Marshall Shepherd, director of the atmospheric sciences program at the University of Georgia and former president of the American Meteorological Society, said Henri was reminiscent in some ways of Hurricane Harvey, a slow-moving storm that decimated the Houston area in 2017, exacerbated when bands of rain set up east of the city, a phenomenon meteorologist call “training.”
“You’re seeing a little bit of that training in the New Jersey/New York area, even as the storm itself is a little to the east and the northeast,” Shepherd said. “To the west side of the storm, you have a banding feature that has literally been stationary — sitting there and dumping rain. That will be a significant hazard for the New York and New Jersey area.”
In one of his final appearances as governor before he is set to step down at the end of Monday over a sexual harassment scandal, New York Gov. Andrew Cuomo said that with the threat to Long Island diminishing, the state’s primary concern were inland areas like the Hudson River Valley, north of New York City, which was projected to get inches of rain over the next few days.
Rainfall in the Catskills “is a significant problem,” Cuomo said. “In the Hudson Valley you have hills, you have creeks, the water comes running down those hills and turns a creek into a ravaging river. I have seen small towns in these mountainous areas devastated by rain. That is still a very real possibility.”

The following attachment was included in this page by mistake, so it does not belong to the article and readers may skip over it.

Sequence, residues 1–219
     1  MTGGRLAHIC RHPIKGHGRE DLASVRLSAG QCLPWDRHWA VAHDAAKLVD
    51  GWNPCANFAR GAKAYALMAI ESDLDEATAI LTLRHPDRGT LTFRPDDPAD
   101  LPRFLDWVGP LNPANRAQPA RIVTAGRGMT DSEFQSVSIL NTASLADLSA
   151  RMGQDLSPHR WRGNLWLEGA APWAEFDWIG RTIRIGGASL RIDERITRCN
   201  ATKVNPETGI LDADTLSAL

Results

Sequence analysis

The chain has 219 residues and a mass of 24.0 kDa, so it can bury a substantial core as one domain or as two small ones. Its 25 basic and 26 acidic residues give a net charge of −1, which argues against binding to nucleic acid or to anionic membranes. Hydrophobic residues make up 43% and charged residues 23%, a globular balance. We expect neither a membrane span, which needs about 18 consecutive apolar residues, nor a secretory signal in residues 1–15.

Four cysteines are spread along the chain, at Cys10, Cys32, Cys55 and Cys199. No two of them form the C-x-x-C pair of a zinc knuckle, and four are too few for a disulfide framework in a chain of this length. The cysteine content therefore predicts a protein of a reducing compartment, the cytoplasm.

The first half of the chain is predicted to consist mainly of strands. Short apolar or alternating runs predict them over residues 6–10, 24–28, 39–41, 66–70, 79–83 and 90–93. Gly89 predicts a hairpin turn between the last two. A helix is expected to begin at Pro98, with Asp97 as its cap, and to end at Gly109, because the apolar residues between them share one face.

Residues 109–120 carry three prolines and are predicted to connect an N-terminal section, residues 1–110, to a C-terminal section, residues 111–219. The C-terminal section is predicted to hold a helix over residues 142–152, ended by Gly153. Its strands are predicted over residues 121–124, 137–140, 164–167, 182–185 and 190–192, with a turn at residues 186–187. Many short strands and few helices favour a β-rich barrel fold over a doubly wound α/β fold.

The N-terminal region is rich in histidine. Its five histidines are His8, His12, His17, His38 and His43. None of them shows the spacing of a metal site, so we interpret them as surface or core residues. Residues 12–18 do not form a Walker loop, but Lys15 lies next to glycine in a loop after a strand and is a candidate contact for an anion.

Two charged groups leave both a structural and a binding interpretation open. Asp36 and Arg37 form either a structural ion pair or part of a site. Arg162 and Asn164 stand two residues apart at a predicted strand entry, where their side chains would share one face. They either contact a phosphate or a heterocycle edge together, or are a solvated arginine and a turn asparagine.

Massachusetts’ Steamship Authority canceled all Sunday ferry service between the mainland and the popular vacation islands of Martha’s Vineyard and Nantucket after the U.S. Coast Guard shut down ports on Cape Cod and New Bedford. Tourists waiting in their cars, hoping for a last-minute ferry off the islands, were stranded until the worst of Henri passes.
President Joe Biden declared disasters in much of the region, opening the purse strings for federal recovery aid. The White House said Biden discussed preparations with northeastern governors and that New York Lt. Gov. Kathy Hochul, who succeeds Cuomo on Tuesday, also participated.
Major airports in the region remained open as the storm approached, though hundreds of Sunday’s flights were canceled. Service on some branches of New York City’s commuter rail system was suspended through Sunday, as was Amtrak service between New York and Boston.
New York hasn’t had a direct hit from a powerful cyclone since Superstorm Sandy wreaked havoc in 2012. Some of the most important repairs from that storm have been completed, but many projects designed to protect against future storms remain unfinished.
Norbert Weissberg watched the waves from the edge of the parking lot at a beach in East Hampton as strong winds whipped an American flag flying from an unmanned lifeguard chair.
“I’m always excited about seeing something as ferocious as this,” said Weissberg. “It’s less ferocious than I thought. We’re all geared up for a major, major calamity, and it’s a little less than that.”